It’s a great question how I work with students, one of I don’t know if it’s a gift or a curse, but I try to meet everybody where they’re at. So every kid is different. I have a formula system things, I want to take them through checklists, blah, blah, blah, but engaging with students, I approach it from a you’re probably nervous, because if you’re first generation, your parents have no idea and most of them aren’t, but then your parents have no clue what is going on. Whatever your parents went through 2030 years ago, is not the same. Or you just getting a lot of peer pressure, like socially, just same way I got exposed to different colleges, kids are supposed colleges, whatever that may be. I asked kids when the first question I ask them is, are you excited about the college application process? Are you nervous about it, and most kids will say, both, you know, to an extent, but I really want them to understand that I understand that they’re nervous. And that of the vast options that are out there, we’re going to figure this out. I never make promises. And I kind of even have to stamp that occasionally with parents that were very, like working with me does not guarantee Harvard, Princeton, Yale how to reach out to prospective clients, and what is the ROI of working with, you know, the, the experience. So again, arrogant, possibly, but very authentic, like, I’m not going to tell you that I can deliver something I cannot you can’t tell me that your kid’s gonna get straight A’s and a 1560 on the SAT.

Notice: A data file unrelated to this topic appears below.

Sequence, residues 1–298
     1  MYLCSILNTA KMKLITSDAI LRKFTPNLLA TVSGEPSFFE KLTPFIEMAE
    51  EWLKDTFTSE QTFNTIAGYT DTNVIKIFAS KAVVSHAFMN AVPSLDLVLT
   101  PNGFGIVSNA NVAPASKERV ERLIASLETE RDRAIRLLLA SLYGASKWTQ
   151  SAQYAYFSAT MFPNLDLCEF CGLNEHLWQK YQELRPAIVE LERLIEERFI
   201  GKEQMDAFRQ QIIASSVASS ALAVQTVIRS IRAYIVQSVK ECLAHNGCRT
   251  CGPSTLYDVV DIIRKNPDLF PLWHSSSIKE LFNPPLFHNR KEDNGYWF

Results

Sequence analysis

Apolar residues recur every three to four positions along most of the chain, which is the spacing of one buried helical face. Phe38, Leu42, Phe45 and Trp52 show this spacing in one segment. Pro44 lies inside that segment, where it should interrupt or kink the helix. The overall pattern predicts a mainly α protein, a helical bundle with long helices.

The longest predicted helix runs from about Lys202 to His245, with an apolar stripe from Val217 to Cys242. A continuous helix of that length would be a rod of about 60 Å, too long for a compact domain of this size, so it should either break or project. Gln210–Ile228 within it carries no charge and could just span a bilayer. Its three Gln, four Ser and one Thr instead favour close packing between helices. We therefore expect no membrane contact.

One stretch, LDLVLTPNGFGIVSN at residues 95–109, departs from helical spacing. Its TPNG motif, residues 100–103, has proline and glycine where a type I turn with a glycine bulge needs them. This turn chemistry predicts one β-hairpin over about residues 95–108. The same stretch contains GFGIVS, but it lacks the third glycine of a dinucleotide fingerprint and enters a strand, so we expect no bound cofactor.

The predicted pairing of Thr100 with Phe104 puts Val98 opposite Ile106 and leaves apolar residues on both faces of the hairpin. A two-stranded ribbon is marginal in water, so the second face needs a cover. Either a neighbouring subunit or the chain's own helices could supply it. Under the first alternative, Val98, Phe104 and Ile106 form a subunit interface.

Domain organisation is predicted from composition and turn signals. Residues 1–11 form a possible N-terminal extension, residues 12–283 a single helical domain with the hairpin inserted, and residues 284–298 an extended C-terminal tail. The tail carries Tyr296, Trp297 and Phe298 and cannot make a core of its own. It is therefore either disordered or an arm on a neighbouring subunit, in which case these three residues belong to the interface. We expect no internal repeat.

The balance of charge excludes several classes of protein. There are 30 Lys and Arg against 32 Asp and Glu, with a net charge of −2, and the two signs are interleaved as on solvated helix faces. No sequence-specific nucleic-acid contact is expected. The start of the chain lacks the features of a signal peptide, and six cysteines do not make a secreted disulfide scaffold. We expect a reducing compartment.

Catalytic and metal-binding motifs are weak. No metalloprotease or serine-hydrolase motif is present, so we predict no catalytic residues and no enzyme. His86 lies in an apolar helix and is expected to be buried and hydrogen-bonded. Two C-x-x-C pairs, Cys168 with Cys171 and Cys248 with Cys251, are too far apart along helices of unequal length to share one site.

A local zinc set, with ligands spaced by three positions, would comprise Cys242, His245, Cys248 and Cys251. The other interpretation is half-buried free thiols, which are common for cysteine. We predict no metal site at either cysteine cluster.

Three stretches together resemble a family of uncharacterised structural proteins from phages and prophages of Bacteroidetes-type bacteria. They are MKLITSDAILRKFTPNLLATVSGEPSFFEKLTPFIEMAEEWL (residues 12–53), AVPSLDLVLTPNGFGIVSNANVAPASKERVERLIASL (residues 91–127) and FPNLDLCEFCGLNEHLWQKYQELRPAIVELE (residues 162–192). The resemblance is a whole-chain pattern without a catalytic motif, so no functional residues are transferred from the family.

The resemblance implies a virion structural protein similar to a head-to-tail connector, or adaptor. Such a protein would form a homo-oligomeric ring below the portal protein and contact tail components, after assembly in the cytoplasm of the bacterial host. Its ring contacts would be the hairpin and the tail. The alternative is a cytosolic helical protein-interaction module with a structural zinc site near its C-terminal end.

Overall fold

Sheila Akbar: 

Right. And even that doesn’t guarantee anything. So you know,

Shereem Herndon-Brown: 

Correct. I, I live in a space of I want to be a giver, give time mind thought resources, like, I want everybody to win. So I’ve maybe I approach it from that, from that standpoint, I understand that you’re nervous, but I really do. Deep down, I want everybody to win.

Sheila Akbar: